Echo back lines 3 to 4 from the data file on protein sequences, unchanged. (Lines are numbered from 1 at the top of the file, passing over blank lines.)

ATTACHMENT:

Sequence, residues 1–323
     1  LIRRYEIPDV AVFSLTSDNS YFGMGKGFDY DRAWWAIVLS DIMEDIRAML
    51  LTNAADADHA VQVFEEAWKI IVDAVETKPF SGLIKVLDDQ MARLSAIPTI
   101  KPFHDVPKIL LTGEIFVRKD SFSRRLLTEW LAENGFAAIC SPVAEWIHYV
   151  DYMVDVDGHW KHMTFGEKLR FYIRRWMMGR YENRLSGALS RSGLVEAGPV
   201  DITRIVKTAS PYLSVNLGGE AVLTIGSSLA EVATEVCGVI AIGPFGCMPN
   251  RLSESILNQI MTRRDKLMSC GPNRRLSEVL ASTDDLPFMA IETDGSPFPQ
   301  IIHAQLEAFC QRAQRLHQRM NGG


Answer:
    51  LTNAADADHA VQVFEEAWKI IVDAVETKPF SGLIKVLDDQ MARLSAIPTI
   101  KPFHDVPKIL LTGEIFVRKD SFSRRLLTEW LAENGFAAIC SPVAEWIHYV